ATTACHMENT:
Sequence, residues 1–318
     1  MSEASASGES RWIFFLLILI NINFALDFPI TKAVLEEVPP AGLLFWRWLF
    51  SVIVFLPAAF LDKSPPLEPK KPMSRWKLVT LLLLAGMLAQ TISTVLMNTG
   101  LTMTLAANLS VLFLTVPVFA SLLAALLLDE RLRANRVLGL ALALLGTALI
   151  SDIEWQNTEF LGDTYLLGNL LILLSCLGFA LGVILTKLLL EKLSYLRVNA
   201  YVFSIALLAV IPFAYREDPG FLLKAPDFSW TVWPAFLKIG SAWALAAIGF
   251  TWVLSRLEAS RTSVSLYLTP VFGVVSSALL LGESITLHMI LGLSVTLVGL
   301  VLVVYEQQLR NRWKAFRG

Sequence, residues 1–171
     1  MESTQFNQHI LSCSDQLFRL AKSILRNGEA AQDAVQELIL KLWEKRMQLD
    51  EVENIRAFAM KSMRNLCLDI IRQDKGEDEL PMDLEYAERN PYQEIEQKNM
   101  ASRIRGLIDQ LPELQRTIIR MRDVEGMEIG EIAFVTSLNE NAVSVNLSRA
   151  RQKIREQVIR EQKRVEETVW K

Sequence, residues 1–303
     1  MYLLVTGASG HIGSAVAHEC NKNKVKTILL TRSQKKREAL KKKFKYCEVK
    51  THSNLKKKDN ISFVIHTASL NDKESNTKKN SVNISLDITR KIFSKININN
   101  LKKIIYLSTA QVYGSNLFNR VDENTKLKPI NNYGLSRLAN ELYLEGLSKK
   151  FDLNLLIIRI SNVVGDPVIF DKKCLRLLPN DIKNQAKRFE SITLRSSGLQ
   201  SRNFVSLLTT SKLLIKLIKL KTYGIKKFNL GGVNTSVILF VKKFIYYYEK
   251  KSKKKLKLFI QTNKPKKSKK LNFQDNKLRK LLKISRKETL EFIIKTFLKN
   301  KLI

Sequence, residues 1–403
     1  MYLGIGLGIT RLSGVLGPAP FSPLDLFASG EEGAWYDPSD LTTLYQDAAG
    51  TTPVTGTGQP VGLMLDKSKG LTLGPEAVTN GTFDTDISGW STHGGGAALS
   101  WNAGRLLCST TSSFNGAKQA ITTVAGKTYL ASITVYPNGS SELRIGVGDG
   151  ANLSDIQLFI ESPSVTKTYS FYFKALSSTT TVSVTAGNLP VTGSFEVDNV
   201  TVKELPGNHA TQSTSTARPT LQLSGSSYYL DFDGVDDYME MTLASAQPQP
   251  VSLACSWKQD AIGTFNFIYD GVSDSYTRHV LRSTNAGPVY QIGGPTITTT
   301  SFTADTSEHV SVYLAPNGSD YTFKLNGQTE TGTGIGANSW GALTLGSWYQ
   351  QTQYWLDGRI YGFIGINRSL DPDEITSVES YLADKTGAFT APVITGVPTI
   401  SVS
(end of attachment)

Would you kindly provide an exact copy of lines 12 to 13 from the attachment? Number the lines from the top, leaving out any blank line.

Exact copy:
   101  ASRIRGLIDQ LPELQRTIIR MRDVEGMEIG EIAFVTSLNE NAVSVNLSRA
   151  RQKIREQVIR EQKRVEETVW K